minimum dimensional change (0.0011%) following disin- fection by 1% sodium hypochlorite and a maximum change in dimension (0.005%) after disinfection by Corsodyl. Surface quality The results of evaluating the effect of the disinfectants on the surface integrity of the stone casts revealed that 70% of the casts were grade 1; 19.2% grade 2 and 10.8% demon- strated grade 3 surface quality. None of the examined casts showed grade 4 surface. These results are illustrated in Fig- ure 6. The majority of the casts that showed grade 1 surface were those made from pouring additioncured silicone im- pression material (36.5%), followed by those resulted from pouring condensation-cured silicone impressions (32.4%); and those resulted from pouring alginate impressions (23%), whereas only 8.1% of grade 1 surface quality impressions were demonstrated by casts made from pouring disinfected zinc oxideeugenol impressions. Grade 2 quality surfaces were mostly of casts that resulted from pouring disinfected alginate and zinc oxide- eugenol impressions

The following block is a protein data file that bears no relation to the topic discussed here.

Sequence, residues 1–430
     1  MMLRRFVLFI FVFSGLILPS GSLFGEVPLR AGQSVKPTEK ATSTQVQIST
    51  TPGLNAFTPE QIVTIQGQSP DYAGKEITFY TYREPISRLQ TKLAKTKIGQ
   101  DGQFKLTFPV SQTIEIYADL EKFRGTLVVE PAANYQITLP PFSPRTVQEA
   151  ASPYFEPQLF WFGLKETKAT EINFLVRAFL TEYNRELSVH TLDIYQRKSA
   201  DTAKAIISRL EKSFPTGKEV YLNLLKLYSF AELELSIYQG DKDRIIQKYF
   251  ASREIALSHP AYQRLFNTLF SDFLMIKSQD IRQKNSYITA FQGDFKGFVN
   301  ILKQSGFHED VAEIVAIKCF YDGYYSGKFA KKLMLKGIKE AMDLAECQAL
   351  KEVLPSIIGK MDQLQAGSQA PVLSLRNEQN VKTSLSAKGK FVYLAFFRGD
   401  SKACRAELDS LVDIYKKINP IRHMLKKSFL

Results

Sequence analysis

(34.8% each) and partly of casts result- ed from pouring condensation-cured silicone impressions (17.4%) and addition-cured silicone impressions (13%). The casts that showed grade 3 surface quality were mostly those poured from zinc oxideeugenol impressions (46.2%) followed by those made by pouring alginate impres- sions (38.4%). The condensation-cured silicone impressions produced casts that formed 15.4% of grade 3 surface quality casts; whereas none of the casts that resulted from pouring

the addition-cured silicone impression were rated as grade 3 quality surfaces. Discussio n Dimensional stone casts changes of the